tmpfile, tmpfile_s

Defined in header <stdio.h>
FILE *tmpfile(void);
errno_t tmpfile_s(FILE * restrict * restrict streamptr);
(2) (since C11)
1) Creates and opens a temporary file. The file is opened as binary file for update (as if by fopen with "wb+" mode). The filename of the file is guaranteed to be unique within the filesystem. At least TMP_MAX files may be opened during the lifetime of a program (this limit may be shared with tmpnam and may be further limited by FOPEN_MAX).
2) Same as (1), except that at least TMP_MAX_S files may be opened (the limit may be shared with tmpnam_s), and if streamptr is a null pointer, the currently installed constraint handler function is called. As with all bounds-checked functions, tmpfile_s is only guaranteed to be available if __STDC_LIB_EXT1__ is defined by the implementation and if the user defines __STDC_WANT_LIB_EXT1__ to the integer constant 1 before including <stdio.h>.

The temporary file created by this function is closed and deleted when the program exits normally. Whether it's deleted on abnormal termination is implementation-defined.


1) (none)
2) pointer to a pointer that will be updated by this function call

Return value

1) Pointer to the file stream associated with the file or null pointer if an error has occurred.
2) Zero if the file was created and open successfully, non-zero if the file was not created or open or if streamptr was a null pointer. In addition, pointer to the associated file stream is stored in *streamptr on success, and a null pointer value is stored in *streamptr on error.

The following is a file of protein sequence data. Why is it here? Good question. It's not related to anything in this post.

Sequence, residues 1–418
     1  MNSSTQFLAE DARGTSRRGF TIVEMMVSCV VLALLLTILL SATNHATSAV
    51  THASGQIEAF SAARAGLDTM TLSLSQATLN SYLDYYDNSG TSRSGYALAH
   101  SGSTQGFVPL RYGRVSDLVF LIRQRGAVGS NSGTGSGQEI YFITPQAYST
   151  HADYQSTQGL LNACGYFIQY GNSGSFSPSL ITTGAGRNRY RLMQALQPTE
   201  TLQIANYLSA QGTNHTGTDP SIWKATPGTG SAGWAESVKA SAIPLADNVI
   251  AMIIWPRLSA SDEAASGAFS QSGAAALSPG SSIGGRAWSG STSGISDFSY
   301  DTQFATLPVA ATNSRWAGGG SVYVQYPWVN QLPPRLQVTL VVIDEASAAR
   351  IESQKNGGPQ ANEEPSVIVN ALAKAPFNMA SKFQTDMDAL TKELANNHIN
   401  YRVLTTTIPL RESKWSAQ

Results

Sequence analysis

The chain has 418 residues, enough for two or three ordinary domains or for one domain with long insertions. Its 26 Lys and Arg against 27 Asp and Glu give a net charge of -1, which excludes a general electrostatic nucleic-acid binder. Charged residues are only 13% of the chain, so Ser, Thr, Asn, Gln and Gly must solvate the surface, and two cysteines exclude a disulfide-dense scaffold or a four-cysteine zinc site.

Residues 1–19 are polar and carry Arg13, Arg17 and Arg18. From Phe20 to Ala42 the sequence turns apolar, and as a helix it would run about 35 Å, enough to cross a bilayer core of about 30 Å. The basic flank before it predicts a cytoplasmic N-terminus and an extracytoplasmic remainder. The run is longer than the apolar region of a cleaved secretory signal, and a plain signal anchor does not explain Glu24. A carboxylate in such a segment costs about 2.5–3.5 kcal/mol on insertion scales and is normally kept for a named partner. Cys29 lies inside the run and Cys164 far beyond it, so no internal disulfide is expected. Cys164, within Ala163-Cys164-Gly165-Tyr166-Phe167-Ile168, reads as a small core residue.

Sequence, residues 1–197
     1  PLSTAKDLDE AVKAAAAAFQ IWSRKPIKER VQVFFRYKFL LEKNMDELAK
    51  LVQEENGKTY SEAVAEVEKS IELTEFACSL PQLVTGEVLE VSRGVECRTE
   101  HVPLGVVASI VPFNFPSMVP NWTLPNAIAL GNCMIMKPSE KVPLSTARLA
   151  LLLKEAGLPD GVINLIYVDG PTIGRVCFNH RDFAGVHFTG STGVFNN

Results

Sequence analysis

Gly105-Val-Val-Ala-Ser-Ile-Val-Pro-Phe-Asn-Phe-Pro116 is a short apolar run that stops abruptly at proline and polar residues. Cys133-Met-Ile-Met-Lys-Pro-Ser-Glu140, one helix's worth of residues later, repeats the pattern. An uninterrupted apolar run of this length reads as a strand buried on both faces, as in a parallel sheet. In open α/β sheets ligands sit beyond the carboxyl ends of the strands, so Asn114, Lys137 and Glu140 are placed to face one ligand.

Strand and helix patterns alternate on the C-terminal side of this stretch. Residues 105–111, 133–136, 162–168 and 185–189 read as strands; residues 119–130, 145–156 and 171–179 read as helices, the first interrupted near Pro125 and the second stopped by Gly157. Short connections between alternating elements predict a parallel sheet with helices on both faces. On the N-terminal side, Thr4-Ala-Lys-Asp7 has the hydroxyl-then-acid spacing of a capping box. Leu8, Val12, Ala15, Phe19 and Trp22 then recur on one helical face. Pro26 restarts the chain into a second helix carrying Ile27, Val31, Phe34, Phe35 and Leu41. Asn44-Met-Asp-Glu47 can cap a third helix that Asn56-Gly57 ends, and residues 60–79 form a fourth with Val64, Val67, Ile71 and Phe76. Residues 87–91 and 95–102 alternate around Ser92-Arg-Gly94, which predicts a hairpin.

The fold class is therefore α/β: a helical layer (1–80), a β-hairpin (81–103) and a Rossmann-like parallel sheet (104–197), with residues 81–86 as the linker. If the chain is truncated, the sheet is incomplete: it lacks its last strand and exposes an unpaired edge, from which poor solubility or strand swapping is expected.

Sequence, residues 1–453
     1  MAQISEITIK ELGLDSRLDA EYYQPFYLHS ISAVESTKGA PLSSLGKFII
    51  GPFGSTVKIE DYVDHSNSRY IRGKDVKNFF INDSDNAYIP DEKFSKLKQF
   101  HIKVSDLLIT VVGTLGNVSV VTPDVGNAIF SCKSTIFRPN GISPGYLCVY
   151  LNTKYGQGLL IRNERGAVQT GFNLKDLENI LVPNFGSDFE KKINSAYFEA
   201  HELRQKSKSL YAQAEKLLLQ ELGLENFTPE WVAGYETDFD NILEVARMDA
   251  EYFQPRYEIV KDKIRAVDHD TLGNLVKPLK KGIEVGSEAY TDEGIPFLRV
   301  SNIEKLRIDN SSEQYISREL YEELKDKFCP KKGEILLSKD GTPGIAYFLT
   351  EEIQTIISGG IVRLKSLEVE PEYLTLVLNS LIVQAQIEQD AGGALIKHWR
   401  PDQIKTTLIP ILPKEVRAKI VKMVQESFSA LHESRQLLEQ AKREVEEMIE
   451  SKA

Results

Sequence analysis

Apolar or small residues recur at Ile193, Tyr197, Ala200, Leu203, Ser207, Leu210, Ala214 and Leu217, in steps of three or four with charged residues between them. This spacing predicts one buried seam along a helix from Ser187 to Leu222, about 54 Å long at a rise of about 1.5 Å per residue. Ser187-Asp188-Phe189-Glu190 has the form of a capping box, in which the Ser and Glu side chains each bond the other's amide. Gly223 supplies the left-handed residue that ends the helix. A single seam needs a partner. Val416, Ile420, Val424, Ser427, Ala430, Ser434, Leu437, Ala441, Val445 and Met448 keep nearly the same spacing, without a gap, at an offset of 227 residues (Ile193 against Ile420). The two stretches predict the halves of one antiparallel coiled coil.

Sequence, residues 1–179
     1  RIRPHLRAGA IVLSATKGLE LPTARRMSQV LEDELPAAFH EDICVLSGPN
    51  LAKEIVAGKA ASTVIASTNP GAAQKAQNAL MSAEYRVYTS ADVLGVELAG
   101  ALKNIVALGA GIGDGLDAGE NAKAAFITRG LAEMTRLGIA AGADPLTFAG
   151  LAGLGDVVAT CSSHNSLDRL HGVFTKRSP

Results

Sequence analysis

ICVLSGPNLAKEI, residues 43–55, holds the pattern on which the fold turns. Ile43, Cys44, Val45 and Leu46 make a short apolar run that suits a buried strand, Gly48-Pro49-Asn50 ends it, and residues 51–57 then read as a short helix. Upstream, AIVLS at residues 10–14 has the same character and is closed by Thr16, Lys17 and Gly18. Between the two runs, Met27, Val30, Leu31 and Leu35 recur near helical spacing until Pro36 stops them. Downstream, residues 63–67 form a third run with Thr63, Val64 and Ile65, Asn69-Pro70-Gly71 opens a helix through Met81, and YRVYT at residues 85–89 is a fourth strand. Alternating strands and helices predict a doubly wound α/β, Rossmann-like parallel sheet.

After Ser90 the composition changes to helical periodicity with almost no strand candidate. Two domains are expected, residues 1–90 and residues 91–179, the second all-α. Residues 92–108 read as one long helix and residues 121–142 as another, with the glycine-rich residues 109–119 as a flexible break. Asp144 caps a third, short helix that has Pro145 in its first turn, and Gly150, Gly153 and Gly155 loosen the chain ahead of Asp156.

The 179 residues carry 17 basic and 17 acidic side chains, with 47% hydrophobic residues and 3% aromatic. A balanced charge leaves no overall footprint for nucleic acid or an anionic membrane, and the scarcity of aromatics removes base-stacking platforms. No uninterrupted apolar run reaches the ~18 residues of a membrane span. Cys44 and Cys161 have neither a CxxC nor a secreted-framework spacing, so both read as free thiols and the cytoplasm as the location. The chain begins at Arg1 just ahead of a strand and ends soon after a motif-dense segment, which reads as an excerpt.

On some implementations (e.g. older Linux), this function actually creates, opens, and immediately deletes the file from the file system: as long as an open file descriptor to a deleted file is held by a program, the file exists, but since it was deleted, its name does not appear in any directory, so that no other process can open it. Once the file descriptor is closed, or once the program terminates (normally or abnormally), the space occupied by the file is reclaimed by the filesystem. Newer Linux (since 3.11 or later, depending on filesystem) creates such invisible temporary files in one step, via special flag in the open() syscall.

On some implementations (e.g. Windows), elevated privileges are required as the function may create the temporary file in a system directory.


#define _POSIX_C_SOURCE 200112L
#include <stdio.h>
#include <unistd.h>
int main(void)
    printf("TMP_MAX = %d, FOPEN_MAX = %d\n", TMP_MAX, FOPEN_MAX);
    FILE* tmpf = tmpfile();
    fputs("Hello, world", tmpf);
    char buf[6];
    fgets(buf, sizeof buf, tmpf);
    printf("got back from the file: '%s'\n", buf);
    // Linux-specific method to display the tmpfile name
    char fname[FILENAME_MAX], link[FILENAME_MAX] = {0};
    sprintf(fname, "/proc/self/fd/%d", fileno(tmpf));
    if(readlink(fname, link, sizeof link - 1) > 0)
        printf("File name: %s\n", link);

Possible output:

TMP_MAX = 238328, FOPEN_MAX = 16
got back from the file: 'Hello'
File name: /tmp/tmpfjptPe5 (deleted)


  • C17 standard (ISO/IEC 9899:2018):
    • The tmpfile function (p: 222)
    • K. The tmpfile_s function (p: 427)
  • C11 standard (ISO/IEC 9899:2011):
    • The tmpfile function (p: 303)
    • K. The tmpfile_s function (p: 586-587)
  • C99 standard (ISO/IEC 9899:1999):
    • The tmpfile function (p: 269)
  • C89/C90 standard (ISO/IEC 9899:1990):
    • The tmpfile function

See also

returns a unique filename
C++ documentation for tmpfile

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